But but for any youth to develop into a strong, able grown-up requires firm patient, wise, and knowing guidance. Like the rest of Government, a transit agency is the People’s own machinery, to run, maintain, and improve.

    Mark Dublin

  4. The “pay as you deboard” thing got particularly confusing on Seattle express routes that extend out to the edge of the county, like route 179. A reasonable normal person riding the 179 from Federal Way transit center westbound would not necessarily know that route 179 interacts with the downtown Seattle ride free area. A lot of people in Federal Way therefore paid when they entered, while others would pay when they left. The driver could try to keep track of faces, but there is no doubt some temptation to commit fare evasion, especially given the hefty $3.00 two-zone peak fare.

    The current pay-as-you-board all the time setup is much better.

    1. It was even worse on Route 44, which was “pay as you leave” westbound even though the route never went downtown because some trips, but not all, were through-routed from Route 43. This also led to the bizarre situation where a standalone 44 trip leaving Pacific/Pacific after 7:00 was “pay as you enter” while a later 44 trip that originated downtown before 7:00 was still “pay as you leave.”

      The end of PAYL was really a wonderful thing.

      1. I remember a few months after I moved here in 2010 riding the bus from Magnolia to SODO. I couldn’t understand why I had to tap twice, boarding and exiting. So glad it’s gone.

      2. I took the 44 a lot then. You couldn’t even get the PAYL advantage of faster boarding, because everyone would cluster up front to see if they needed to pay or not. What a farce that was.

    2. Behavioral relic: Drivers of buses that originate in DT Seattle who don’t open the back doors, even when the stop is fully built, even when people are getting on at the front, even when no one is rushing the back doors to evade the fare…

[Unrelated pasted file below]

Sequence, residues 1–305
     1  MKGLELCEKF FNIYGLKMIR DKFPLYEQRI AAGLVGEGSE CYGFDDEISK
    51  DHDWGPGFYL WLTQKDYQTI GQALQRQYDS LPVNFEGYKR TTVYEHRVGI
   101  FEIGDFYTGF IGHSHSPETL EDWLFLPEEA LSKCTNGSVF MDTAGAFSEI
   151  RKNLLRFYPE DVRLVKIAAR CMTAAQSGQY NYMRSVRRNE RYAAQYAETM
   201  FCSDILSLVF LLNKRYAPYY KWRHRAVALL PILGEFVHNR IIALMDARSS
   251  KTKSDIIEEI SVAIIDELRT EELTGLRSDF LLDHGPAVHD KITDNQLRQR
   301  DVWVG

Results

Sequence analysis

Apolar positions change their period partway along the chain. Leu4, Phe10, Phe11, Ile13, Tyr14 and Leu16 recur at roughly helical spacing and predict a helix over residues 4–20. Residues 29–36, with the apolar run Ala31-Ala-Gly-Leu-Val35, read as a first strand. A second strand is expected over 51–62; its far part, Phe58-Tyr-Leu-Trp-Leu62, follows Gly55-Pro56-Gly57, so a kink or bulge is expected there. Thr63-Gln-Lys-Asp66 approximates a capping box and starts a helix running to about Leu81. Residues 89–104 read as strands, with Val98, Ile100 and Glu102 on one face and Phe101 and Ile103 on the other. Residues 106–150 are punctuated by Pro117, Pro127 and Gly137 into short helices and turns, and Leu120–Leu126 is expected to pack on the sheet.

5. Thanks for the recap – it is easy to take these advances for granted. Metro has made a lot of progress. We’d be stuck with the “Otter Card” and stopping every 1-2 blocks everywhere (I’d love to see more stop consolidation, one stop in particular… NB 5th Ave N on the 3/4 by Gates Foundation. Subsumed by Mercer traffic jams every rush hour.)

    I’d add that Metro also hasn’t taken any major steps backwards either (service cuts, yes, but that is a budget issue). Avoiding huge missteps can be half the battle. The 42 saga was pretty terrible, but it is gone now.

  6. Route consolidation started before the 358.

    When I was growing up in Bellevue in the late ’80s, there were three separate routes (226, 235, 253) from Bellevue to downtown, each of which used different stops in Bellevue. Better yet, 253 trips were scheduled at the same time as 226/235 trips, so frequency was half-hourly even though there were 4 buses per hour.. Sometime in the early ’90s the 253 was truncated (except at peak hours when it was renumbered 261) and the service shifted to the 226/235 corridor. Then a few years later the 226 and 235 were themselves consolidated into a faster 226 that went downtown and a neighborhood shuttle that took over service in Beaux Arts. That 226 turned almost without changes into the ST 550.

    1. Service between Seattle has improved tremendously since I lived there: I remember especially the meandering 251 from Redmond to Kirkland to Seattle. Took forever. And taking the 340 to the airport.

  7. Yes, it’s so easy to take things for granted. As someone who moved here in 2009, I can’t imagine Seattle without Sounder, STExpress, Link, a frequent dedicated bus between Ballard and Fremont, a system without real-time info, etc…but those are all products of the last 15 years. In a few years we’ll say the same about Pronto, protected bike lanes, U-Link, North Link, and hopefully cash fares Downtown. I hope my kids someday ask how we ever made do without the Ballard-UW subway.